A little-known South Korean Christian group, The Caleb Mission, is doing its best to expand what outsiders know about neighboring North Korea.
The Caleb Mission has gained some recognition in recent months for releasing clandestine video of life inside the reclusive North, and now it has provided VOA with what it says is a secret North Korean military manual that regional security analysts consider authentic.
Reverend Kim Sung-eun runs the Caleb Mission in Cheonan, about 80 kilometers south of the capital, Seoul. His wife, he says, is a former lieutenant in North Korea's army. She is one of 30 or so defectors from the North who are frequently seen at the mission.
Kim says he is in regular contact with collaborators inside North Korea. Some secretly videotape what is going on in the country, which is virtually sealed off from the outside world. Others, he says, smuggle out official documents.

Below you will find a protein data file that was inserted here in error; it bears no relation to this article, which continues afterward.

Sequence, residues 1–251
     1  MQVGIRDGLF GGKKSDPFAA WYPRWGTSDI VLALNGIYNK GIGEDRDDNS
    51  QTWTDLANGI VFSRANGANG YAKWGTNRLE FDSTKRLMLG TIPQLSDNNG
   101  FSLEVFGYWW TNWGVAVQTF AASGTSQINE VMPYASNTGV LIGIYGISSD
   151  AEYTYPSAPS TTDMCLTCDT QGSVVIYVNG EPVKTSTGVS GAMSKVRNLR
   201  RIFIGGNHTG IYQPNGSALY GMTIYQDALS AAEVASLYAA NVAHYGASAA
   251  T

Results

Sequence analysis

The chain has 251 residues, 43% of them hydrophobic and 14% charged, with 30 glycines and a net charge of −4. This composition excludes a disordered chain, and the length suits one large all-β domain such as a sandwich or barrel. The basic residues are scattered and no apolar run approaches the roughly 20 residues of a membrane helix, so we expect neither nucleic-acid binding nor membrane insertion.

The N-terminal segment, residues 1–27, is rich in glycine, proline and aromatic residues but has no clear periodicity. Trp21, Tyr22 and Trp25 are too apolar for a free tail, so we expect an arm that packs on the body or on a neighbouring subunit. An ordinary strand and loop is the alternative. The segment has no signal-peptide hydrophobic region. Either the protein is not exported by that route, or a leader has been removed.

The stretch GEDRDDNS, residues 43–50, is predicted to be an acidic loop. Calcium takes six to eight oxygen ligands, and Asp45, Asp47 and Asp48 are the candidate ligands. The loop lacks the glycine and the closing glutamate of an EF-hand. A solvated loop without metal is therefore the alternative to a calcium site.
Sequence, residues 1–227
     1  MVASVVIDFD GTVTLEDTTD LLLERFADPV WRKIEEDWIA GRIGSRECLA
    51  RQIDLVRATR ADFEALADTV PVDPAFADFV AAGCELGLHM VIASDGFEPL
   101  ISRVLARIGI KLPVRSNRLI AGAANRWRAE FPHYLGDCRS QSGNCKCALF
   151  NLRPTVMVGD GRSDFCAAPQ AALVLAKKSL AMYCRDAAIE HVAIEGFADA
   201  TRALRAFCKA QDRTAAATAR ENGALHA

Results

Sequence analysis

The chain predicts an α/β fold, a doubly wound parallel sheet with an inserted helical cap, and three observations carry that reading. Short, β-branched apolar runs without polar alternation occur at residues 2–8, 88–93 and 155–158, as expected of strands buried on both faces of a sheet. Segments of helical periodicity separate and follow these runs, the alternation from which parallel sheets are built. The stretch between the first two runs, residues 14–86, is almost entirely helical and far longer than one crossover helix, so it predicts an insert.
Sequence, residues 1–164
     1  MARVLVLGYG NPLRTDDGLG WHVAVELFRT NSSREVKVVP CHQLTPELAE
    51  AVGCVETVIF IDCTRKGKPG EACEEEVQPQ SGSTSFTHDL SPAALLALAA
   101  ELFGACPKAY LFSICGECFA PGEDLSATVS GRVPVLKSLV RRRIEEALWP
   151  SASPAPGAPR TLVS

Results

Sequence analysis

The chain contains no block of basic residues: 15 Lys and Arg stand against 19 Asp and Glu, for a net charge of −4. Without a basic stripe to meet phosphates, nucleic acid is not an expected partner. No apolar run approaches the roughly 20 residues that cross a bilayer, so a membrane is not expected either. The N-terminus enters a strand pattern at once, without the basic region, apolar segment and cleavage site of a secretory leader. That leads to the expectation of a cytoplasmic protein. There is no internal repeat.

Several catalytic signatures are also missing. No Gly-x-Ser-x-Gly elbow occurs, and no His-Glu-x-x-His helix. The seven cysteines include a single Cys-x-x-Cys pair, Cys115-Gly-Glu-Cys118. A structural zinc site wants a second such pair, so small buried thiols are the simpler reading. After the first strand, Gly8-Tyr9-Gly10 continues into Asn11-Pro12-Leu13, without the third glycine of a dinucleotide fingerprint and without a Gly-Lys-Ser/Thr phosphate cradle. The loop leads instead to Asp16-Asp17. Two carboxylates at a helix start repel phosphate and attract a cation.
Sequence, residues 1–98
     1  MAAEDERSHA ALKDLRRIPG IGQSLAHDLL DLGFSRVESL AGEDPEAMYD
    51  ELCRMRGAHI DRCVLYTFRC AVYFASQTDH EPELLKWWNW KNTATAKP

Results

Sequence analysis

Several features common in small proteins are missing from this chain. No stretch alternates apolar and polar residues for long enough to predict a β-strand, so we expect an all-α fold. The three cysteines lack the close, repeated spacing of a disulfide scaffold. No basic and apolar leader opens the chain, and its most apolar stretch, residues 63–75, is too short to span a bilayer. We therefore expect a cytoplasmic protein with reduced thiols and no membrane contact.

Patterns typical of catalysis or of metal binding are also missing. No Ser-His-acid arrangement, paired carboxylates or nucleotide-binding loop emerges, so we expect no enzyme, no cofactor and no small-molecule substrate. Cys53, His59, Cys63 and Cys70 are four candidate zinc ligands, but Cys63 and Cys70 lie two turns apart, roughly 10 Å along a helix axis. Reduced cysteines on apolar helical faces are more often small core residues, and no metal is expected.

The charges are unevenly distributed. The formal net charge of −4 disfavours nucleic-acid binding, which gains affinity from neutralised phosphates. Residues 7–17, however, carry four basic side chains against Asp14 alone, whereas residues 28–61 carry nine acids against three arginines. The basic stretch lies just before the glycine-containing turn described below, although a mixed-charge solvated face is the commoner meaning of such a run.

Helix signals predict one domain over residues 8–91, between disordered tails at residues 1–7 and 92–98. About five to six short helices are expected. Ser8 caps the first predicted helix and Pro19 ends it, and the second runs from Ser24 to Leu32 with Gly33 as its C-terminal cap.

Kim says he has information detailing North Korean-sanctioned manufacturing and exporting of illicit drugs and the country's extensive network of internment and re-education camps for political prisoners.
The pastor gave VOA a partial copy of what appears to be a 2005 North Korean military manual that details electronic warfare countermeasures, such as using radar-absorbing paint to camouflage jets and ships. Kim says they decided to release the manual because their colleagues inside North Korea are taking great risks by working on their projects. Thus, he explains, he wants to see some recognition for their efforts.
Daniel Pinkston, a long-time North Korea scholar and an analyst in Seoul for the International Crisis Group, considers the document important. "It's certainly useful for analysts on the outside. And I would agree anyone in North Korea, any KPA (Korean People's Army) soldiers or officers who would smuggle such a document out of the country, if they were to be caught, would suffer serious consequences. It would be a great risk to them, of course," he said.